Walnut and pore filler

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Forum topic by horky posted 12-28-2015 01:17 PM 1238 views 0 times favorited 5 replies Add to Favorites Watch
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249 posts in 3104 days

12-28-2015 01:17 PM

Topic tags/keywords: walnut pore filler grain filler

Walnut and Pore Filler

I am making a dining room table. Walnut as you may guess. Being in the open pore family of woods, I read that many use a pore filler to smooth it out and give the finish a smoother, richer, possibly glossier look. I have made walnut end tables, coffee tables, etc. and never used pore filler but am looking for some guidance/experience. Is it worth using? What brand? Application techniques? Any and all comments welcome. My finish will be a Danish Oil followed with some clear poly. Thanks for any and all help.

5 replies so far

View sawdustdad's profile


366 posts in 1059 days

#1 posted 12-28-2015 02:25 PM

Nearly every factory built table top uses a pore filler, so it’s pretty typical to use. Most any commercial brand of filler will work, and application instructions are everywhere, so you can google it or look on youtube. The idea is to stain it dark, thin it to apply if needed, scrub it into the pores, and wipe perpendicular to the grain with a course cloth. Let dry and sand smooth. Apply finish, and then rub out with various abrasives to a fine polish.

If a mirror smooth surface is your objective, then a filler is probably the fastest way to get there, but be prepared for the polishing process.

-- Murphy's Carpentry Corollary #3: Half of all boards cut to a specific length will be too short.

View joek30296's profile


53 posts in 3040 days

#2 posted 12-28-2015 02:27 PM

There are a number of YouTube videos on how to use paste wood filler. Also here is some pretty good info I got just “googling” how to use paste wood filler. Hope it helps.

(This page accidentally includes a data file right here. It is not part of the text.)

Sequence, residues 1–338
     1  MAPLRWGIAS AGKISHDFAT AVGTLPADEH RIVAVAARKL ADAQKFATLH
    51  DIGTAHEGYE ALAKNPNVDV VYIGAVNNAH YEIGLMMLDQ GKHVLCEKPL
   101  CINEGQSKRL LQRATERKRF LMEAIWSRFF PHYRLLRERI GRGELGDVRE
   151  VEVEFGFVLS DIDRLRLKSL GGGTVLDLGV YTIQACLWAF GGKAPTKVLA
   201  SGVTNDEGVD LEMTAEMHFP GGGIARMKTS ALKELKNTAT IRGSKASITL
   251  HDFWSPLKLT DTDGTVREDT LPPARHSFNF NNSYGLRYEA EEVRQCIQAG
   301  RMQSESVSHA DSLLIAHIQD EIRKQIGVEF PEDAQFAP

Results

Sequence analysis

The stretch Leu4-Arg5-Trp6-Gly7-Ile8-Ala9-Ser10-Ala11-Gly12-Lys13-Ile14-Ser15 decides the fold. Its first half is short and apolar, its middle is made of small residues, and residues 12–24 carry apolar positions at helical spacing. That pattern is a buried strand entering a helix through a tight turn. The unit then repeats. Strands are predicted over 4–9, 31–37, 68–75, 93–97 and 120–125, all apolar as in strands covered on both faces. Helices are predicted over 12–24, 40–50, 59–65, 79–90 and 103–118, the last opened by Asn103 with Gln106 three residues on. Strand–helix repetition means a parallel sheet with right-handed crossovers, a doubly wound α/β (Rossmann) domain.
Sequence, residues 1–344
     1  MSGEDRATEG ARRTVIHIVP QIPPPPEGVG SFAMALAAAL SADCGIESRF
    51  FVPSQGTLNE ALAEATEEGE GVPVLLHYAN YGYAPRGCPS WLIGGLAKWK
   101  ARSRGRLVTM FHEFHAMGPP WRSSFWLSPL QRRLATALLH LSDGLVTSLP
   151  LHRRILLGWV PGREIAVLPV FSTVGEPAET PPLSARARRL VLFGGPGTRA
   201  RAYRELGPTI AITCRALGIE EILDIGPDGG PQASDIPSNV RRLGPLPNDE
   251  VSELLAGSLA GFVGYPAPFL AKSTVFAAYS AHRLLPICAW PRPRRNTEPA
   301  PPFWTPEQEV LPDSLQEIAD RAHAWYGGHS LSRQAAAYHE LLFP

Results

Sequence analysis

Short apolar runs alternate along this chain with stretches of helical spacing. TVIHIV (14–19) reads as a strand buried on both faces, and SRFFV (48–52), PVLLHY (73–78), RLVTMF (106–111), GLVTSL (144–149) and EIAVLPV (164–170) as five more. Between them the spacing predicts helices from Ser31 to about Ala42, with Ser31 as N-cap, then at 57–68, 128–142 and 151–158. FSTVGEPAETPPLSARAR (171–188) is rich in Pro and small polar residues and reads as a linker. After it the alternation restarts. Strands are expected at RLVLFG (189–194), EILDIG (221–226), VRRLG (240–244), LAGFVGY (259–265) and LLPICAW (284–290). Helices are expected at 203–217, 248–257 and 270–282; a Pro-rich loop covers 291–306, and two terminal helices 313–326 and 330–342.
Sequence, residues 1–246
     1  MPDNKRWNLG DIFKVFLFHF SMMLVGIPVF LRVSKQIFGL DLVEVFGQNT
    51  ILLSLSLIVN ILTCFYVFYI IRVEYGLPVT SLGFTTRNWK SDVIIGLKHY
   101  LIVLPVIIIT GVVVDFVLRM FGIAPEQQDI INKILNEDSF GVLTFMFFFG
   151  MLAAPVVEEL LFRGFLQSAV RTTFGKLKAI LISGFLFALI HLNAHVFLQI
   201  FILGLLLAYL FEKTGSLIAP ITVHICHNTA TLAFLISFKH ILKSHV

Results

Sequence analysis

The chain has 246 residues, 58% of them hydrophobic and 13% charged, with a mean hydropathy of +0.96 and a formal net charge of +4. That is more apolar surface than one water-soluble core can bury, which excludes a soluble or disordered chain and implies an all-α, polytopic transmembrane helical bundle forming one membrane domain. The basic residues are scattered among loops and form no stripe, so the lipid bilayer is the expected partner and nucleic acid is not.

-- "There are two theories to arguing with a woman....neither of them work"

View WoodNSawdust's profile


1417 posts in 1350 days

#3 posted 12-28-2015 02:51 PM

You definitely do not want to apply a finish over filler that is not completely dry. My rule is to wait at least three times the drying time listed on the can. I want the filler completely dry all the way down through the pore.

I don’t trust stain over a pore filler.

-- "I love it when a plan comes together" John "Hannibal" Smith

View mahdee's profile


4006 posts in 1941 days

#4 posted 12-28-2015 05:56 PM

You always can fill the pores with poly.


View gfadvm's profile


14940 posts in 2864 days

#5 posted 12-29-2015 01:30 AM

The quickest and easiest pore filling technique is to use Timbermate black walnut color matched grain filler from Woodcraft, et al. An alternate method is to wet sand with BLO creating a slurry, wipe/squeegee across the grain, and resand after the BLO has cured. Both will work well but the Timbermate goes a LOT quicker and is pretty much foolproof. I use a credit card to apply and remove excess. It dries very quickly and sands easily.

-- " I'll try to be nicer, if you'll try to be smarter" gfadvm

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